Faith schools may now legally discriminate
Whilst Cranmer can understand the necessity for a headteacher, and perhaps other senior leaders or pastoral carers, and perhaps those who teach religious studies, to belong to a specific faith, he is utterly bemused that schools may now demand that those who teach mathematics or PE, or those who cook or clean or otherwise support teachers, must also now be practising members of a particular religion. Such discrimination, of course, remains illegal in other state schools.
Why on earth may a Muslim mathematician not teach Catholic children the wonders of Pythagoras? Why may a Hindu not be considered acceptable to prepare halal food? Why may a Protestant not be permitted to scrub the floor of a Guru Nanak’s primary school? And why may a Sikh classroom assistant be deemed incapable of supporting a Christian teacher?
It is all, of course, beneath the guise of ‘maintaining the ethos’ of an educational establishment. And some religious folk are rather more sensitive about their ethos than others.
The bizarre thing is that this utterly dysfunctional, deceitful and self-contradictory government has legislated to permit faith schools to do precisely what places of worship may not. Whilst faith schools may now refuse to employ a homosexual, churches are manifestly obliged to (and so, therefore, are mosques, but that challenge has not yet arisen), even when that ministry involves educating children in the nuances of Christian orthodoxy. So the Christian school may discriminate against the gay geography teacher, but the church may not discriminate against the gay youth worker, even if he happens to be a geographer.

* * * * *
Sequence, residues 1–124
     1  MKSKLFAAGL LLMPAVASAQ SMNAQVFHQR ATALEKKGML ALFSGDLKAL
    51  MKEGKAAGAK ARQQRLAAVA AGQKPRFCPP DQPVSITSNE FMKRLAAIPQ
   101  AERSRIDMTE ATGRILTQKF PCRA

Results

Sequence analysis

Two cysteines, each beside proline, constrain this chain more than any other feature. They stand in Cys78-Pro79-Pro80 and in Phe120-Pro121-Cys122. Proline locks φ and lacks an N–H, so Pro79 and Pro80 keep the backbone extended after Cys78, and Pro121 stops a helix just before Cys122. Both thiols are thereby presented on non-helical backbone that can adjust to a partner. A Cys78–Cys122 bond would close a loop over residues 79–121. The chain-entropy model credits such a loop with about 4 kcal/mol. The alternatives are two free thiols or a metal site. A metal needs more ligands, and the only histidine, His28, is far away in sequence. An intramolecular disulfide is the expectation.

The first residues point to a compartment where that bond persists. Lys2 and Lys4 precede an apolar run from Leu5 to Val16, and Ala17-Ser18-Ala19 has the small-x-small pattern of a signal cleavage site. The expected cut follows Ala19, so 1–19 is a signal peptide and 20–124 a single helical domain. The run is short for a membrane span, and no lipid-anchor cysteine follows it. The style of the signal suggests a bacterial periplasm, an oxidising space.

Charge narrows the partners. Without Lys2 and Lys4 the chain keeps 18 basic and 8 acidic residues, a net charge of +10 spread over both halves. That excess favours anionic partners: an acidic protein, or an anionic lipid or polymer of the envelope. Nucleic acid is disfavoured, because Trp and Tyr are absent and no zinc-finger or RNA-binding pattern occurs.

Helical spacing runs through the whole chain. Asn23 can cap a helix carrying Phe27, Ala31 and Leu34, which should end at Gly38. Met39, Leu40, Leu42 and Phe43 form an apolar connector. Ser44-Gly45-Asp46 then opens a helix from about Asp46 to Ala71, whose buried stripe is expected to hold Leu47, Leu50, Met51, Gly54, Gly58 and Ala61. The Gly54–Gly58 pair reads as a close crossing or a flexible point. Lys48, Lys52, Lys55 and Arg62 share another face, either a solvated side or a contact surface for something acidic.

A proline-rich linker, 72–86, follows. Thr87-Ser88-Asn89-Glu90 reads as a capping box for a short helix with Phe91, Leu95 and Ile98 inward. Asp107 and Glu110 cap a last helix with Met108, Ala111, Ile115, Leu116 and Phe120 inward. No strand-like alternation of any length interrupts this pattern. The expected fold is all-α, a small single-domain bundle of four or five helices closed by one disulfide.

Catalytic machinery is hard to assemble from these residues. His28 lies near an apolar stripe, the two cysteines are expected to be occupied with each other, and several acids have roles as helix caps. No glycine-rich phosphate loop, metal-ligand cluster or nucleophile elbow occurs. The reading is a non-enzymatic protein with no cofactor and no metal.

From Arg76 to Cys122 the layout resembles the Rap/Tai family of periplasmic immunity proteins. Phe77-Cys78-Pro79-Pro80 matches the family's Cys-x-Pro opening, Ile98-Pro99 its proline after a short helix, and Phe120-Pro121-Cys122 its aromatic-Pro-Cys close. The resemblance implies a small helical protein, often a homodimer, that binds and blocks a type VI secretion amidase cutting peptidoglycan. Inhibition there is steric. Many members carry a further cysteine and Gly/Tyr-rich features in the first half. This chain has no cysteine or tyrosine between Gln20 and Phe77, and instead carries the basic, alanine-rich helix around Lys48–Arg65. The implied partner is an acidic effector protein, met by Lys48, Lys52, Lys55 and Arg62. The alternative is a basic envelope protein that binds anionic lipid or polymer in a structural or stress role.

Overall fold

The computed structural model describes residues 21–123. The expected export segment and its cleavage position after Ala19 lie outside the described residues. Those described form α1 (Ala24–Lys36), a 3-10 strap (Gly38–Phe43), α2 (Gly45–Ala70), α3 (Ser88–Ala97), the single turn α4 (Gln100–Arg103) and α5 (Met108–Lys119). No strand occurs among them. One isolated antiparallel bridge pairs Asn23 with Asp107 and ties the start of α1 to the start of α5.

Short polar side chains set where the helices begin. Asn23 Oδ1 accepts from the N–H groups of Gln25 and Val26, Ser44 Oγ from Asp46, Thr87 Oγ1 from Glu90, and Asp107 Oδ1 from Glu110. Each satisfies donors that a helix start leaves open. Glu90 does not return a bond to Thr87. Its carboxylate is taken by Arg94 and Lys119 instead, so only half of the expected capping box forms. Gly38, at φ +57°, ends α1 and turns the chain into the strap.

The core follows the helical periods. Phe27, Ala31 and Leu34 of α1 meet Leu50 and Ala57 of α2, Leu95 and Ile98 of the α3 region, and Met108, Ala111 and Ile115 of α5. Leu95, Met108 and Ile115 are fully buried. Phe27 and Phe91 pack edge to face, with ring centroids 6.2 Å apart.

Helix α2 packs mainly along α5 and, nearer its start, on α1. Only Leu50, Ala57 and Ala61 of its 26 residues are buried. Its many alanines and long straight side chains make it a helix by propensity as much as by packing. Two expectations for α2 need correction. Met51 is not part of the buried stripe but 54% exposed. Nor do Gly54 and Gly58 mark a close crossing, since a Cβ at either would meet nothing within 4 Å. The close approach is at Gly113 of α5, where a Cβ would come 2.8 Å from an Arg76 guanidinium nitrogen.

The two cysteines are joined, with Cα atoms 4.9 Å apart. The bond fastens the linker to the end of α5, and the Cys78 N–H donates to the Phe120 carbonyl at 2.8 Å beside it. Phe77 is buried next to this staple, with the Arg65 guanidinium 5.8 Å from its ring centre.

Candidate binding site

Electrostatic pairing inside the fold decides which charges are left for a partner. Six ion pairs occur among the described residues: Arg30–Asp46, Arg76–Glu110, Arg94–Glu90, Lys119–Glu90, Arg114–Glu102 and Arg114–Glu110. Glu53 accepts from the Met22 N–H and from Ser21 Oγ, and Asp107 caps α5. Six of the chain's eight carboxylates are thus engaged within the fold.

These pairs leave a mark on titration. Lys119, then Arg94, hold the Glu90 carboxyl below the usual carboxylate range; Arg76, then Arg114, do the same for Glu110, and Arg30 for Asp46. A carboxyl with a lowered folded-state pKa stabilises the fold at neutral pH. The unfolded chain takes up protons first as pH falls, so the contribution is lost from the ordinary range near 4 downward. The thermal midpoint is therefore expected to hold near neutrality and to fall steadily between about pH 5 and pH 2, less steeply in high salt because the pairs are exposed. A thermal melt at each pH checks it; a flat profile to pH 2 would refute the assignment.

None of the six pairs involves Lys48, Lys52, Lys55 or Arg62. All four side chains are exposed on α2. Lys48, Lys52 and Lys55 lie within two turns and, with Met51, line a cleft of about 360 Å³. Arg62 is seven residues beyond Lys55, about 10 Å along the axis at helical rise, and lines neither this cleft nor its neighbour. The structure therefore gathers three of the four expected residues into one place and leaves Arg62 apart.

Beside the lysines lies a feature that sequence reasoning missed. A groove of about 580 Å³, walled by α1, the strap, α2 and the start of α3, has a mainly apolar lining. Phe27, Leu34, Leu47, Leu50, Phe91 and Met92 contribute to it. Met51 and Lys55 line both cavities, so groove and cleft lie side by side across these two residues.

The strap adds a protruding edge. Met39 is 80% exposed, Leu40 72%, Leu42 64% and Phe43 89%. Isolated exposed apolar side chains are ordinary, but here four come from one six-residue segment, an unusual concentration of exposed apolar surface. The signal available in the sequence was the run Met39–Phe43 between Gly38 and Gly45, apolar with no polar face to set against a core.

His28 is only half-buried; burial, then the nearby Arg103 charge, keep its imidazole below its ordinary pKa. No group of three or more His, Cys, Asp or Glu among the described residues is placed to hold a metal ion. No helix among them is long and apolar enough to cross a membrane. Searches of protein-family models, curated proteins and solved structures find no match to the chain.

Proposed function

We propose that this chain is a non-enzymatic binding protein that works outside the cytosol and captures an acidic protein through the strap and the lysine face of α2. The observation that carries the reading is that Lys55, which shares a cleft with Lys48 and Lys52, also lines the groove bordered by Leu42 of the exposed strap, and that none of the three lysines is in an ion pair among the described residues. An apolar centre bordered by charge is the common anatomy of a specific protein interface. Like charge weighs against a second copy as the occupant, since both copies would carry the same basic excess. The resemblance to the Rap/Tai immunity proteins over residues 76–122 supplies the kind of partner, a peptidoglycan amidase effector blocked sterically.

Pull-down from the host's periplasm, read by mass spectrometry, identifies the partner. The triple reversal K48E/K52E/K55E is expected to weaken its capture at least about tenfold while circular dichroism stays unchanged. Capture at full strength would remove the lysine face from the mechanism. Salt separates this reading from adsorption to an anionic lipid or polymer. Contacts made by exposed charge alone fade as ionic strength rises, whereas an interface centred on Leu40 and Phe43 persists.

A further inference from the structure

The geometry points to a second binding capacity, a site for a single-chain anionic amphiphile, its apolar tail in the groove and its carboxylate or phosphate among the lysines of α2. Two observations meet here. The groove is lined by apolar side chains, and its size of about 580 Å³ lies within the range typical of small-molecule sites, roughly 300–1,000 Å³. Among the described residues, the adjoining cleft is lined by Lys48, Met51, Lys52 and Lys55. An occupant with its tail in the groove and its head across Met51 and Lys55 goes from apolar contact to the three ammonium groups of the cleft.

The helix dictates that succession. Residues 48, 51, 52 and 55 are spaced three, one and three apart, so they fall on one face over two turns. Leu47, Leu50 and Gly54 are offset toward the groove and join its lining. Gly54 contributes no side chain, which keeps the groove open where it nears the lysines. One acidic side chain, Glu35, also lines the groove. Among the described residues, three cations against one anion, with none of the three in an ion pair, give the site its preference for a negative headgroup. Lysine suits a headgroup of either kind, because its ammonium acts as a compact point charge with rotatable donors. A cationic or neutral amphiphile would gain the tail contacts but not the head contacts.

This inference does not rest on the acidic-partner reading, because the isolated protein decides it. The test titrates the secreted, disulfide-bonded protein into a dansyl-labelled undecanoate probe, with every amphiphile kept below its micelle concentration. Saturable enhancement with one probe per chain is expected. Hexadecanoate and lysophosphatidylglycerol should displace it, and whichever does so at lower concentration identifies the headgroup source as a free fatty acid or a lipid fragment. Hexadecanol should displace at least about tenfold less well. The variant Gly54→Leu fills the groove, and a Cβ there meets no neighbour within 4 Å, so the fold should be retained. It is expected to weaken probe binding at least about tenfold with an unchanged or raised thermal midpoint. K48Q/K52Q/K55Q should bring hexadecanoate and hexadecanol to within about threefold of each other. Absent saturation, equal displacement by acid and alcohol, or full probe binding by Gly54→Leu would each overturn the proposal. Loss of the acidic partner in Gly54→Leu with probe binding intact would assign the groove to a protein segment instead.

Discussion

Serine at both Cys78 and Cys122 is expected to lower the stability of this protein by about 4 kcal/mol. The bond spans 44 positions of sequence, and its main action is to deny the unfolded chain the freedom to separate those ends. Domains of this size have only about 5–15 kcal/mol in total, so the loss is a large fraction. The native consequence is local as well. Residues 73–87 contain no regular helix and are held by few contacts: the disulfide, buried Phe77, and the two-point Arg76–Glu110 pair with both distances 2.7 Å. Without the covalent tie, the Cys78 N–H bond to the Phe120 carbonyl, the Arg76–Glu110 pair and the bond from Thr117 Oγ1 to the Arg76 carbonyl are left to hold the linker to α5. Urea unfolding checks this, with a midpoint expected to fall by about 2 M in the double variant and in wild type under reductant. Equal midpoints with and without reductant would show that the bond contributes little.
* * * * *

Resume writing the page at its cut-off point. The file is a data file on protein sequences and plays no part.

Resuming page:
The statistics for faith schools are in flux because of the ever increasing number of applications from minority ethnic groups. When Labour was elected in 1997, all faith schools were either Christian or Jewish. Now the taxpayer funds 4,716 Church of England schools, 2,108 Roman Catholic, 32 Jewish, four Muslim, two Sikh, one Greek Orthodox and one Seventh Day Adventist school. (UPDATE 19.00. His Grace said things were in flux: the UK's first Hindu school opened today).
Cranmer awaits the first application to found the Jedi Knight Academy. He shall gladly support their bid for state funding and join the governing body.
Of course, the reality is that in order to maintain a distinctive ethos and character, faith schools must discriminate. But if the law creates space for this, then a fortiori must it do so for churches, mosques and gurdwaras, not to mention adoption agencies. Discrimination is part of the process of discerning; it is intrinsic to being human. If it is to be restricted in the spiritual realm, then why not the political?
How dare New Labour object to a Tory leading their party.